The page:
Beyond Kadri though, the Leafs drafting of late has been heavy on centres and has produced very solid depth at C.
Nazem Kadri – 7th overall 2009
Mitch Marner – #4 overall 2015. (projects as #1C)
William Nylander #8 overall 2014 (projects as #1C/RW
Frederick Gauthier – 21st overall 2013 (projects as #3C)
Carter Verhaeghe – 82nd overall 2013 (projects as #3C)
But that is just the draft.
Going under the radar was the free agent signing of 6’3″ 200 centre Casey Bailey who had a stellar junior season with Penn State.
A competitive power center who brings to the table ruggedness and determination. Works hard to get the puck when he doesn’t have it, and is always productive with his ice time. Is able to come up big when his team needs him most, elevating his game to heightened levels at both ends of the ice. Possesses a tremendous shot, with the focal point being its accuracy. Decent hands and skating ability, but could be worked on. All-in-all, that one player who, by the end of the game, you definitely want to have had on your side. (Curtis Joe, EP 2014)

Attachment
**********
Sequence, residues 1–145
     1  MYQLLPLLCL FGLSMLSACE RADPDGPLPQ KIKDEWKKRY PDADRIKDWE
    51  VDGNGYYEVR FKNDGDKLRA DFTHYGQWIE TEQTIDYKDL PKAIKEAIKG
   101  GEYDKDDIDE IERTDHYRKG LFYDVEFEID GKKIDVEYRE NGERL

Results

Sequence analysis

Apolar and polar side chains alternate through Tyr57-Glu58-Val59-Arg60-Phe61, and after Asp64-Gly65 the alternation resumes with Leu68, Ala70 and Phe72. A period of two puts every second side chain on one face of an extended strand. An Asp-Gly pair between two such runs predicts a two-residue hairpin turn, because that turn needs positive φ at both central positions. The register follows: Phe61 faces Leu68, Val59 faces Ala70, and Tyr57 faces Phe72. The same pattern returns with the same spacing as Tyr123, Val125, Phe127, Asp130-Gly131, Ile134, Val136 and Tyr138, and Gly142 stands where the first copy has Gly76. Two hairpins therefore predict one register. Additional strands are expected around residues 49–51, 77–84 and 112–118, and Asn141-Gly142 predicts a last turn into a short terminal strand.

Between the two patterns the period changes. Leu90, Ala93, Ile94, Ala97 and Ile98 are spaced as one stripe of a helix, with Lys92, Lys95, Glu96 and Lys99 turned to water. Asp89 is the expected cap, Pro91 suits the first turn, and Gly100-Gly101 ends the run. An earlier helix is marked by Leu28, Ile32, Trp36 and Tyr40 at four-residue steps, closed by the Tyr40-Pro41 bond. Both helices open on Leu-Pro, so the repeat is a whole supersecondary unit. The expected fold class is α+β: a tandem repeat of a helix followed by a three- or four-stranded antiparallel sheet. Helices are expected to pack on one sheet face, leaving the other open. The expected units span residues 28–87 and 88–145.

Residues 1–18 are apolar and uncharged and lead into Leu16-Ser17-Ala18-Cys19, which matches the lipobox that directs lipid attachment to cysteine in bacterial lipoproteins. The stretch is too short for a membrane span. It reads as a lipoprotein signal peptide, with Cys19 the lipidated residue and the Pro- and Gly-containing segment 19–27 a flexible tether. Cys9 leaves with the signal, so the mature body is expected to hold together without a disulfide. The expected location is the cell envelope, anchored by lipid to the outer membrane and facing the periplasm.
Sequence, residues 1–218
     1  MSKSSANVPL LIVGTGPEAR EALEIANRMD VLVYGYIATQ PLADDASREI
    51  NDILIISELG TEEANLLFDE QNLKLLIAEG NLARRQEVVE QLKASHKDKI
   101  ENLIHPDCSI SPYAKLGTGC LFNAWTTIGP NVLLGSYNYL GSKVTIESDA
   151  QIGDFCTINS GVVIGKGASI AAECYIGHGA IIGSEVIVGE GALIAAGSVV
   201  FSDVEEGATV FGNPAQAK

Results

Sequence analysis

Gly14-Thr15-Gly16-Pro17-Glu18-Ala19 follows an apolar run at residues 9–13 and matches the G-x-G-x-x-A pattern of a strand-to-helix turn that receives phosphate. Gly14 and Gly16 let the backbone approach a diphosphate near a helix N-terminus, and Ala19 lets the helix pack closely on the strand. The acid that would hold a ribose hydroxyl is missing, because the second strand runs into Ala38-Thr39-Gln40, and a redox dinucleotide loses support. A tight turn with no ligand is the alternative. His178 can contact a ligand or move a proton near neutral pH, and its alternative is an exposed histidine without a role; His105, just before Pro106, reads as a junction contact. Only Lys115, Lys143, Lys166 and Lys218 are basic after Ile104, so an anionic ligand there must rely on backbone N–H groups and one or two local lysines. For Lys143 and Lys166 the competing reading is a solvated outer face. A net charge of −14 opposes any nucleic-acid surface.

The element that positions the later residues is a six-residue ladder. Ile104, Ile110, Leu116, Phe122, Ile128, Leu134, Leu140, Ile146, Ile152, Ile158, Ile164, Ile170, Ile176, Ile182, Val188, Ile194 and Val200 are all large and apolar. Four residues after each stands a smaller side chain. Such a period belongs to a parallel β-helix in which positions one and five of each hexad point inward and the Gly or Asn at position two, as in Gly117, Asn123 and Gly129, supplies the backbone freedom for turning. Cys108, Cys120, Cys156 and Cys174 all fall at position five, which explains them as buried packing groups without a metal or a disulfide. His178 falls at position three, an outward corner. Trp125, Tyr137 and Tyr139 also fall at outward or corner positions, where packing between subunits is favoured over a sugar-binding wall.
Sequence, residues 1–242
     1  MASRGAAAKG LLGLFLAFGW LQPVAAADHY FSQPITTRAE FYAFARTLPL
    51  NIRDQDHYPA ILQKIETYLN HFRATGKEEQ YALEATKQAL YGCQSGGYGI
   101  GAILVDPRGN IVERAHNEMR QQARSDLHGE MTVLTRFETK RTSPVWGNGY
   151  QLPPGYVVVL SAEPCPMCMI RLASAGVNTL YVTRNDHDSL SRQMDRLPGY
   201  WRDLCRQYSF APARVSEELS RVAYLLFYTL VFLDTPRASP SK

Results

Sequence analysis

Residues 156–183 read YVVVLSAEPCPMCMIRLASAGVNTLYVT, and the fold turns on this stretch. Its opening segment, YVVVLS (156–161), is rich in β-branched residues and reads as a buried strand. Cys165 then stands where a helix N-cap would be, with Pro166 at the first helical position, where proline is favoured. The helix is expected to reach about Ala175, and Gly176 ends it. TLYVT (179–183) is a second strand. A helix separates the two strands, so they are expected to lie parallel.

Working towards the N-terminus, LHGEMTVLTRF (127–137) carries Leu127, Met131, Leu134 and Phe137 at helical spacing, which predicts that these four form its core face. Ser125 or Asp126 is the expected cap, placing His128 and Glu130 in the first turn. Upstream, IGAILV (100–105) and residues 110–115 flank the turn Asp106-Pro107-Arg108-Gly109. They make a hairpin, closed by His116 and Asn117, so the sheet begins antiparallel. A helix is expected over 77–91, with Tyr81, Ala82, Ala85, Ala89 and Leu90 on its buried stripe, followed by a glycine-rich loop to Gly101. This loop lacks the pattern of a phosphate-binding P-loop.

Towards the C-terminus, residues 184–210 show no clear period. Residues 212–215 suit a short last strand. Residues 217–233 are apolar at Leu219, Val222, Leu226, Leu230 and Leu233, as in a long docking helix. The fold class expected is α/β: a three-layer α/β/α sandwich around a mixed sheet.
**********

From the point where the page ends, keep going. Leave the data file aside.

It’s also worth noting that Peter Holland, drafted 15th overall by Anaheim in 2009, is still only 24 and could have more upside.
Nevertheless, the Leafs have seemingly already addressed depth down the middle in a significant way although I expect Marner and Nylander will not be full time Leafs this season….Marner likely headed back to junior and Nylander to the Marlies.
On the wings, things are a little more cloudy.
Kasperi Kapanen, who came over in the Kessel trade, seems like a surefire top 6 winger sooner rather than later and James Van Reimsdyk, at 26, is likely young enough to stick around for better days but, after that, the Leafs have to hope that another pair of under the radar picks turn into players.
Strengths: The Leafs have a trio of exciting prospects around whom a restructuring might occur. Center William Nylander is a dynamic and creative player in the Patrick Kane mold, and new Head Coach Mike Babcock is tasked with making him a complete and responsible presence.
Wingers Brendan Leipsic and Connor Brown are also smaller-framed players, but each topped 100 points in a season during his CHL career and, most importantly, showed the ability to translate that junior offense to the AHL last season.
A new regime in Toronto might mean that there is little allegiance to incoming prospects, but there is some additional depth in players like defenseman Stuart Percy, checking center Frederik Gauthier, and 2013 third-rounder Carter Verhaeghe. A European prospect like Pierre Engvall, or puck-moving defenseman Matt Finn, might also be ready for extended looks.